Barack Obama: Mum's the word, she raised him well

Julia Suryakusuma ,  Jakarta   |  Tue, 11/04/2008 10:35 AM  |  Opinion

Barack Obama famously wrote a book called Dreams From My Father, but what that book didn't reveal was that he was, in truth, much more his mother's son than his father's.

In fact, Obama barely knew his father and any single mum can tell you how much energy children spend on an absent parent. Yet, although she had the greatest influence on Barry (as she called him) his mother helped him write his book about his lost father by reading his drafts, commenting on them and filling in the gaps. She told me she understood why her son had to write the book the way he did, even though we both knew it should really have been called Dreams From my Mother.

I knew Ann Dunham Sutoro from 1981 to 1995, before she became known as "Barack Obama's mother". For me back then, Barry was "Ann's son", whom I met when he came to visit her in Jakarta. Now, not a day goes by when I don't see him in the papers, in magazines or on television. I feel almost as proud as Ann would have been.

But it's bittersweet too: I feel Ann's presence strongly through Barry, and I know that she lives in him, but I still wish, oh, I do so wish, that she was still around to savor the moment, and to share her pride, with me, with other friends and family, and, of course, with Barry himself.

Ann's Barry could be the leader of what is still the single most powerful country on earth, and that will give him the opportunity to influence hundreds of millions of lives for the better. And this, of course, was precisely what Ann always set out to do, to improve peoples' lives, starting with her own, her children's and friends', then extending out to touch the lives of the countless people she dealt with in her programs, first as the Ford Foundation program officer for women in Jakarta in the early 1980s, then in Pakistan, and ultimately back here, in BRI, then our biggest state bank, when she worked on microfinance in the late 1980s and early 1990s.

Ann was a reformer: Whether you agreed with her or not, she always did things with the intent of changing and improving a situation. In fact, she committed her life to the idea that has become a key slogan of Obama's campaign: "Change we can believe in".

There is no question that Ann was ahead of her time, doing things other women felt constrained from doing. She looked beyond her shores, and the choices she made, even the story of life, attest to it: Her cross-cultural marriages, her fields of study and work. She was far-sighted and strove hard to achieve her goals, including those she had for her children.

Both Barry and Maya, her daughter with Lolo Sutoro, can (and do) credit her with giving them an education and confidence in their ability to do the right thing. The calm and even temperament that Obama exhibited during the campaign must stem in part from this confidence.

Ann would never have seen herself as such, but in many ways she was a visionary, and so too is her son. His vision for a united, caring and generous United States that doesn't discriminate, where people foster good relations both within and outside the nation is one that his mother would have shared -- in fact, she sought to live it.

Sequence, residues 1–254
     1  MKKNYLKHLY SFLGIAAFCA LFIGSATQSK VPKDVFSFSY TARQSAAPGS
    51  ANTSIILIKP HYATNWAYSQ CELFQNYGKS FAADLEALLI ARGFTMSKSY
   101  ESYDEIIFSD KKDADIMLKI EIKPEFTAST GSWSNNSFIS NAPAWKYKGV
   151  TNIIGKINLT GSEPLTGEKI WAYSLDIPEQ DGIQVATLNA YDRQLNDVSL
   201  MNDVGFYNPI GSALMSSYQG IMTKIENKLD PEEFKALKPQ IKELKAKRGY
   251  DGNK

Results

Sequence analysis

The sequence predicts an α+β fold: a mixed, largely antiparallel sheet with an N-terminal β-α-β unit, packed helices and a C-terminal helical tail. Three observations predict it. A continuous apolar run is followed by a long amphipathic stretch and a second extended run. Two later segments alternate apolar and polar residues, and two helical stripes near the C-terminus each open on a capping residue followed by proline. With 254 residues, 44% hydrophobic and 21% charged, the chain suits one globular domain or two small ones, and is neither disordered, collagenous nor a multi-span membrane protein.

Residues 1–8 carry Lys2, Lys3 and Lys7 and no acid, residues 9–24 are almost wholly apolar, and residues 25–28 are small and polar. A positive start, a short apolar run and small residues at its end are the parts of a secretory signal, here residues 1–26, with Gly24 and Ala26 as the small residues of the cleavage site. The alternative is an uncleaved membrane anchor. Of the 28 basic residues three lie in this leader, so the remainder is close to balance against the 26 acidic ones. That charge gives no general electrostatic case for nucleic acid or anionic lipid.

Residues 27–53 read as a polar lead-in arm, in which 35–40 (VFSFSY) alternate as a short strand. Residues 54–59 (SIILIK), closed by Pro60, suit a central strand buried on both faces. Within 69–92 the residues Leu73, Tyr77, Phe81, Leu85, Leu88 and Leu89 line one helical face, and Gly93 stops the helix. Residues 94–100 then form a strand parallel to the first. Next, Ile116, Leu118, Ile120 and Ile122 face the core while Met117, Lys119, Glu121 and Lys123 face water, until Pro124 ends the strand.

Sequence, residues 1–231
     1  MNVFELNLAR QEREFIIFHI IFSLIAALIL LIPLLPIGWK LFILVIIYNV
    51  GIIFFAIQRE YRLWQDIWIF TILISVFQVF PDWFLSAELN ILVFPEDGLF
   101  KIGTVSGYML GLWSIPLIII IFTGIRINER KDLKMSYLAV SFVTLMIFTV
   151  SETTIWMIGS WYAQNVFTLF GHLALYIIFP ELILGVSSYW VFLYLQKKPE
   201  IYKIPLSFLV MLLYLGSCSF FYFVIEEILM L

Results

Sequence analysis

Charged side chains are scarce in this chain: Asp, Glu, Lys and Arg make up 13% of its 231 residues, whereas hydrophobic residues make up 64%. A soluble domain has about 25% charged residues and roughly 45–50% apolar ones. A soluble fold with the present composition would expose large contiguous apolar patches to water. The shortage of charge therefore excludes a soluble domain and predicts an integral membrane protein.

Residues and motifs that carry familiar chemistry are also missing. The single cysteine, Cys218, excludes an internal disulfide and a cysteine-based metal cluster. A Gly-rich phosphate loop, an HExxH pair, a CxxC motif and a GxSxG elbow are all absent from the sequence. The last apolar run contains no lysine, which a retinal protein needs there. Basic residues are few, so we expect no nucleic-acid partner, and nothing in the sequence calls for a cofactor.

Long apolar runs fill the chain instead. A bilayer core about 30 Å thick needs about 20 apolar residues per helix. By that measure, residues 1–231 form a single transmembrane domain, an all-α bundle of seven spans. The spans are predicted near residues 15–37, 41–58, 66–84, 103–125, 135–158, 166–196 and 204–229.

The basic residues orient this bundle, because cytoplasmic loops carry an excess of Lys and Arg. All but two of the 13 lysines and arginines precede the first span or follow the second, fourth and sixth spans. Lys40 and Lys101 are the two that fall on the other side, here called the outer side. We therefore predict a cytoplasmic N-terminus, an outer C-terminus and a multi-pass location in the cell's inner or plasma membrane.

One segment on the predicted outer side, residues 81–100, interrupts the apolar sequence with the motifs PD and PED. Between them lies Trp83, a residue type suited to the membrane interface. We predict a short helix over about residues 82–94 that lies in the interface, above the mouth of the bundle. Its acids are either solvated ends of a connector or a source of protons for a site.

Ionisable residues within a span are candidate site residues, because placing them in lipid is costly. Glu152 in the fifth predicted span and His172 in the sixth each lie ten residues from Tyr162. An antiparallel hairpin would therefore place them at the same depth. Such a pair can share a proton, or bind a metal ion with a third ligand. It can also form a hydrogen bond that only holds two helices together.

But while idealistic, Ann was also very grounded. She had the Midwestern values of hard work, straightforwardness, honesty and "family first". You didn't immediately get the impression that she was hard-working and disciplined, but she certainly was. Ann looked down on laziness and lack of enterprise, and expected others to live up to her standards.

Ann rarely softened her opinions, which frequently included bluntly criticizing people. Naturally, friends and family were the first "targets" (yup, me too!), but her love always shone through, so it was hard to be mad at her for long. But however critical she was, she was never arrogant, and her natural earthiness, friendliness and warmth meant she got along well with people.

Ann was respected for her professionalism and ideals, but she was also liked -- and loved -- for her friendliness and compassion. And the fact that she loved (really loved!) food, and brought delicious meals to work to share with her colleagues helped as well!

Yes, Ann was larger than life, and larger than a lot of people as well (Barry on the other hand, seems to be getting thinner and thinner!). Ann told me Indonesians often greeted her with Aduh Ibu Ann, makin gemuk aja! (Oh Ibu Ann, you've gotten even fatter!). Speaking of his mother, Obama has admitted that "what is best in me, I owe to her".

Certainly that was obvious in an election campaign that has electrified people all over the world. Obama never responded in kind when nasty attacks were launched by McCain's campaign. Instead he criticized platforms -- not people. Here he is certainly his mother's son. Ann had clear likes and dislikes and was often critical, but never descended to personal attacks.

Ann made some difficult choices in life, usually resulting from her convictions as to what was right. She was constantly pushing boundaries, but never let herself be pushed around.

Besides being historic, the decision Obama made to run for the presidency was dramatic in the same way, and a product of the "big thinking" that his mother loved. To take on the leadership of a traumatized America is a daunting, even mind-boggling, task. Obama, young and relatively inexperienced, coming out of almost nowhere, armed with "the audacity of hope" (as he titled his second book), is doing what his mother could only have dreamed of for him.

The writer is the author of Sex, Power and Nation. She can be contacted at jsuryakusuma@gmail.com

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